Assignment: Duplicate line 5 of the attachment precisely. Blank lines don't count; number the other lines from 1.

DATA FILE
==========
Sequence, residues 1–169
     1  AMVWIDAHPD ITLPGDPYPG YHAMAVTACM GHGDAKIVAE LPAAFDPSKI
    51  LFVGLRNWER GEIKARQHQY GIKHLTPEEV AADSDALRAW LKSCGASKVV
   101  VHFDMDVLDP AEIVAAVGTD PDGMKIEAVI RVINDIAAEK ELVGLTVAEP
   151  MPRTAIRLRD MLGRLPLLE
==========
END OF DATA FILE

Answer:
   151  MPRTAIRLRD MLGRLPLLE